minimum:

(i) statistics on accident records, ill health and sickness absence;


(ii) accident investigations and subsequent action;
(iii) OSH management system updates / changes;
(iv) inspections and audits of the workplace;
(v) risk management program;
(vi) OSH training;
(vii) emergency procedures;
(viii) changes in the workplace affecting the OSH and welfare of staff; and
(ix) adequacy of OSH communications and publicity in the workplace.
(b) The OSH committee can be powerful in making improvements in the workplace. When
considering issues, the committee should:

(i) discuss if action is needed;


(ii) make recommendations for agreed action;
(iii) record the discussion and actions in the minutes of the meeting (which should be
accessible to the whole workforce); and
(iv) follow up the actions, then review them at a later date.
(c) The outputs of the meeting should be recorded and the meeting minutes posted around the
workplace. The minutes should also include ownership and timescales for any actions that
have been agreed upon.

6.5 Meeting Frequency, Assistance and Training

(a) Section 3.2(f) of OSHAD-SF - Element 4 – Consultation and Communication requires


entities with more than 50 staff to meet at least 4 times a year.

(b) The meeting frequency for your OSH committee should be defined by the risks that are
inherent within your undertaking and higher risk entities should meet on a more regular
basis.
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(c) Entities should always try to plan meetings in advance, giving members and staff plenty of
notice to allow them to prepare for the meeting and also for staff to put forward any issues
that may be of a concern

(d) Section 3.2(f) of OSHAD-SF - Element 4 – Consultation and Communication also requires
entities to provide facilities, assistance and resources to the OSH committee as may be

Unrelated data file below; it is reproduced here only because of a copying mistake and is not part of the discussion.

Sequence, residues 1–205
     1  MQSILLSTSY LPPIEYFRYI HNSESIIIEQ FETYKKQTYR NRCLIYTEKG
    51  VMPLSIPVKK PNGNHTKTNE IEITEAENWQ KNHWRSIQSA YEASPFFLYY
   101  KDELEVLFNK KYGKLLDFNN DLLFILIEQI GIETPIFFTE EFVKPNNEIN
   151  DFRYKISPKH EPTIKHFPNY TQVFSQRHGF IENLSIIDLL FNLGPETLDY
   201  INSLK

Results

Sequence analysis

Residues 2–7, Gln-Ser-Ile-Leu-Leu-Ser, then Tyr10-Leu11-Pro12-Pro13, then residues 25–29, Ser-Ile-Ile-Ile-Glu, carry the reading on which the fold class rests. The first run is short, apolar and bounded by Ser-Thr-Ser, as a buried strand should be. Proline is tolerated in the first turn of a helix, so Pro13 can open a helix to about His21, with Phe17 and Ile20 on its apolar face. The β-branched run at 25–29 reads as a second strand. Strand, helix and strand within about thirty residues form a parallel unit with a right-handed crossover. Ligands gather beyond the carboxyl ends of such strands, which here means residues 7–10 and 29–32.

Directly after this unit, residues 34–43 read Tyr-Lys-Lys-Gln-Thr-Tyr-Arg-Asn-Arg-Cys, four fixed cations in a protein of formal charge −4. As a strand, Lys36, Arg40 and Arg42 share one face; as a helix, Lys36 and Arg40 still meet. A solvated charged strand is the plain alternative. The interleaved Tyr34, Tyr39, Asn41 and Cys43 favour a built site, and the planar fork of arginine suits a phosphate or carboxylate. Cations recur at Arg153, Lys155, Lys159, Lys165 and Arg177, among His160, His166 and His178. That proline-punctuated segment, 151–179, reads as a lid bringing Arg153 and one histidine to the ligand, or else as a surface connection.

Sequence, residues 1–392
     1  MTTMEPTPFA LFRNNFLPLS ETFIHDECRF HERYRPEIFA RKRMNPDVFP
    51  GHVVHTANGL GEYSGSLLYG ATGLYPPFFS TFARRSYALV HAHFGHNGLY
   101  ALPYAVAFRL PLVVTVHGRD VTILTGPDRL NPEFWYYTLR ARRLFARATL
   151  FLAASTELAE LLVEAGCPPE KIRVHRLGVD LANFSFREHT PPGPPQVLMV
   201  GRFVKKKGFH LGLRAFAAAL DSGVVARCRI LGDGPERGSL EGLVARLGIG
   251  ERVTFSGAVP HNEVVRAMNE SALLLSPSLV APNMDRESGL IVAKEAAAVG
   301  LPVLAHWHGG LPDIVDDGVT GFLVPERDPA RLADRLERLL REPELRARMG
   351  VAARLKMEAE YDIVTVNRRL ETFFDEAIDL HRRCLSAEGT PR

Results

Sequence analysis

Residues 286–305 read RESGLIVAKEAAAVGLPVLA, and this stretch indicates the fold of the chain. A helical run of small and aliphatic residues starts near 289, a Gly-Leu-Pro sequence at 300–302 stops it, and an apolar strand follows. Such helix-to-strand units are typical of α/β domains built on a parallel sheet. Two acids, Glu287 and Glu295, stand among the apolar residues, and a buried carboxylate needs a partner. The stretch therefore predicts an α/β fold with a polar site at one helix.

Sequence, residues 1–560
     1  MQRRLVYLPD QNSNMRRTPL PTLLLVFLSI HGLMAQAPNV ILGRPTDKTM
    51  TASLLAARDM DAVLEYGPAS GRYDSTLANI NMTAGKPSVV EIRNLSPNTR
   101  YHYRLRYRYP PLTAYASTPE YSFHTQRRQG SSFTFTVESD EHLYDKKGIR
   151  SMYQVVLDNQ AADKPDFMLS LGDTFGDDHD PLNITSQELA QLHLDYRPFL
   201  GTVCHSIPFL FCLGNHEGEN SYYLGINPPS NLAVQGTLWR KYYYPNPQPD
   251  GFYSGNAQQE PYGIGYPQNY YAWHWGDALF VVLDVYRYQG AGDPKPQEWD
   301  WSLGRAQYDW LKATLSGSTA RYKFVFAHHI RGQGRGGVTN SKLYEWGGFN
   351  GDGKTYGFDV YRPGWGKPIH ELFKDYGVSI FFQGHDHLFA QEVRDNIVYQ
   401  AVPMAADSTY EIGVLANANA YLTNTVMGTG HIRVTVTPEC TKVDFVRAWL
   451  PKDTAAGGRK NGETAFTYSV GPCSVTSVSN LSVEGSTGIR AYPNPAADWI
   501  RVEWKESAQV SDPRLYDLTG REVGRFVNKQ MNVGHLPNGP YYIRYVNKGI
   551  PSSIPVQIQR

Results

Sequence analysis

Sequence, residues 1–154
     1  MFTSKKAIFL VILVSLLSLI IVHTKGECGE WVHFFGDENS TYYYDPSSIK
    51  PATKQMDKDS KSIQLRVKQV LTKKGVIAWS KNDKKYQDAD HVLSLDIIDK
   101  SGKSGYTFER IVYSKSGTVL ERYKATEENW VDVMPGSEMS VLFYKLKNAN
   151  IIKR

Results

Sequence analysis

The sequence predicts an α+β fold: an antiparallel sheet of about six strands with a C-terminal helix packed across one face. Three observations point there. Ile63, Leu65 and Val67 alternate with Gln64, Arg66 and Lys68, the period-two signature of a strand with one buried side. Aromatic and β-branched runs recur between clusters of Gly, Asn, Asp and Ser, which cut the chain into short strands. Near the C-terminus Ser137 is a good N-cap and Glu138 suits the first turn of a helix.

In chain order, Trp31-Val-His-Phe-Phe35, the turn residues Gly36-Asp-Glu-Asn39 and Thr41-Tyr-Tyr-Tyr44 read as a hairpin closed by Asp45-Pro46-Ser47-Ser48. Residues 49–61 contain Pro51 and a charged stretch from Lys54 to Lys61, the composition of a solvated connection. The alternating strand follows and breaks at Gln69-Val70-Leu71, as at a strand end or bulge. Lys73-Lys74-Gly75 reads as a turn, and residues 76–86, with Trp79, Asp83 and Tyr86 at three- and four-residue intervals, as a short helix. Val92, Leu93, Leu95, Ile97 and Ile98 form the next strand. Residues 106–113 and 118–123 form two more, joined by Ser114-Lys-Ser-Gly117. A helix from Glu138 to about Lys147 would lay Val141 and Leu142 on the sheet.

required for the committee to undertake their role.

(e) Entities should provide adequate assistance for the OSH committee to function, this should
extend to the use of suitable meeting rooms, access to relevant information, communication
of meeting minutes and ensuring all staff have access to the minutes.

(f) Entities should also consider if members of the committee require any training to undertake
their role. If OSH committee members are going to be actively involved, there may be a
need for training to ensure they can undertake the role.

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7. References
• OSHAD-SF – Element 2 – Risk Management
• OSHAD-SF – Element 3 – Management of Contractors
• OSHAD-SF – Element 5 – Training, Awareness and Competency
• OSHAD-SF – Element 8 – Consultation and communication
• OSHAD-SF – Element 9 – Compliance and Management Review
• OSHAD-SF – TG – Training, Awareness and Competency
• HSG263 - Involving your Workforce in Health and Safety - HSE Books - ISBN 978 0 7176
6227 2

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8. Document Amendment Record
Revision Page/s
Version Description of Amendment
Date Affected
Change of Logo All

Change from AD EHS Center to OSHAD throughout


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1 July Change of document title: AD EHSMS RF to OSHAD-SF Throughout
3.0
2016
EHS changes to OSH Throughout
Clause 6.3(b) updated to provide further clarification in
13
requirements

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© OSHAD 2016
This document was developed by OSHAD and shall remain its property. The document may only be used for
the purposes for which it was intended. Unauthorized use or reproduction of this document is prohibited.